Oak Aging Brandy

I have now finished my Brandy runs and have the final collection / blend at 90% ABV, about 18L.

Do I place this in oak barrels as the strength it is or do I reduce alcohol to near finished requirement of 42%?

I have two 10L new oak barrels, so roughly how long in the barrels?

Does alcohol evaporate quicker than water ? Logic tells me it does.

My trial run last year was 5L of Brandy at 45% in small oak barrel (new) and after 8 months there was only 3.5L remaining (greedy angels I say). I will take an alcohol reading later to see what the % is after 8 months.

Comments

  • Small barrels leak like sieves. I like to oak at 65% but i haven't done a lot of brandy.

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  • As Punkin says, Oak at 60-65%. A lot of studies have been done to verify this. the amount of alcohol vs water evaporated depends on the heat & humidity. Some places loose more water, others more alcohol.

    Make sure you soak your barrels in water before using to make sure the staves swell up and seal before putting your spirit in (after draining of course).

    How long you leave it in there is up to you. smaller barrels will have a lot more effect in a shorter period of time due to the increased oak surface area in contact with the spirit. check it regularly.

  • Great, thank you. I have 2 x 10L and 2 x 5L from Barry's Barrels Auckland. One of the 5L leaked like the Hoover Dam. Even with melting half a pound of beeswax in all the cracks. BB changed that one, the other 3 are all good.

  • 65% ABV is considered ideal cask strength.

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  • after 8 months you will be happy to see any alcohol at all. The small barrels are not good for long time ageing. I would use them only for a view weeks and age in glass containers the rest of the time.

    StillDragon Europe - Your StillDragon® Distributor for Europe & the surrounding area

  • @Sunshine, any reason stainless would not be suitable?

  • no, of course stainless too. glass is just easier because you can see the color.

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  • And harder to get the lumber out of if using 5 gal carboys.

  • @Pa_bon said: And harder to get the lumber out of if using 5 gal carboys.

    We've got that problem solved with the new 7-gallon wide-mouth glass carboys. You can reach right in and feel around for oak pieces, and your arm smells great afterwards.

    Zymurgy Bob, a simple potstiller

    my book, Making Fine Spirits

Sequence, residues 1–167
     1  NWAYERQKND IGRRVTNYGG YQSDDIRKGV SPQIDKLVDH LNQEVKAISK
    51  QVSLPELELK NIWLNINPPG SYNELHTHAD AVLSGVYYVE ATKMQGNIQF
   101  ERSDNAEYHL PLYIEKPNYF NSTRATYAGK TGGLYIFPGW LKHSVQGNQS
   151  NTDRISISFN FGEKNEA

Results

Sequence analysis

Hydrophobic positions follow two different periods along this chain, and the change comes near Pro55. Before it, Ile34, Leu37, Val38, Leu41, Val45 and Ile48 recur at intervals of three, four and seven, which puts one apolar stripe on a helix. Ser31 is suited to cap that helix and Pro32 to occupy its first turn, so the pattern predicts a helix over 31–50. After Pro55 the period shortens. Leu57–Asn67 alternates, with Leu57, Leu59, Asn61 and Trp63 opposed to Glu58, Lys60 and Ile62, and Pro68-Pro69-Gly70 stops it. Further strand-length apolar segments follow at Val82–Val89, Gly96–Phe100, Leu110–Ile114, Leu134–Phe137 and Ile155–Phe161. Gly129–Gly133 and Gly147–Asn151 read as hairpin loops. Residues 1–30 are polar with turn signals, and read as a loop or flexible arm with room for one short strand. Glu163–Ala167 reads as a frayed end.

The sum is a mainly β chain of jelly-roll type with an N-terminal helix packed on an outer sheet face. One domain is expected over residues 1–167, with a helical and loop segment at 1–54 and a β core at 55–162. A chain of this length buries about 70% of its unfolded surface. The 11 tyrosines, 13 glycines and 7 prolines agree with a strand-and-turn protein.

• Glass cookie jars work well too for small scale.

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  • edited June 11

    Hi @Spiritintheair,

    Age brandy in glass jars get punkin to sell you some french oak staves.

    French oak will give you a little more colour and a more subtle flavour than American. Sometimes I mix the two.

    You can long term age in a barrel but I suggest you transfer to a jar and staves for finishing.

    The reason you need to do this is because you need to add sultanas or raisins a month or two before you drink it. Trust me this step will be worth it and the fruit cake afterwards will be as well.

    Rossco

  • @rossco , can you explain to me the method and reason for your addition of raisins?

    I'm fixing to age my first shot at brandy.

  • Hi PB. I never understood brandy until I started making it. The defining quality is the smell, that is why they use large glasses in your hand, to warm it up, more smell. Sultanas augment the aroma, try it you will see what I mean.

  • edited June 11

    Raisins add sugar, color, and flavor.

    Probably the single biggest factor is the sugar, which even in minute quantities can improve the spirit, reduce harshness, improve mouthfeel, and make other aromas/flavors much more apparent.

    Sultanas (Yellow/Gold Raisins) - probably the same, less of a color impact.

    In a brandy, it's going to emphasize the fruit, smooth the spirit, and add complexity.

  • edited June 11

    Raisins by weight are about 50% sugar. So adding about 10 raisins to a liter of spirit (roughly 5 grams of raisins, 2.5g of sugar), will add enough sugar to make a marked difference in perception of spirit quality (without being perceived as sweet). This is leaving everything else aside.

    Heck, 4-5 raisins per liter will be enough to hit a 1g/l sugar level, which will make a difference.

  • So @grim @rosco, a month or two with raisins or sultanas until satisfied with results then go to filtration and bottling?

    Thanks for info.

  • Thank you everyone for the input and knowledge, loving the fruit cake part and my missus will be on the case.

  • @grim, that's assuming the raisins fully dissolve. Wouldn't it be only a portion of total sugar that dissolves into the alcohol?

  • edited June 20

    Would the assumption that raisins would go in at cask strength be correct or incorrect?

  • edited June 24

    @RobertS said: that's assuming the raisins fully dissolve. Wouldn't it be only a portion of total sugar that dissolves into the alcohol?

    You are not after the sugar, they aid with the aroma, which is kind of the point of brandy.

  • @rossco Raisins go in whole? If so, won't they rehydrate and steal a little from you? On a small scale (a few gallons to experiment with) any advantage or disadvantage to chopping raisins prior to addition?

  • edited June 24

    @Pa_bon said: Raisins go in whole? If so, won't they rehydrate and steal a little from you?

    yes.

  • Reading over this again..........Would the raisins be added at cask strength?

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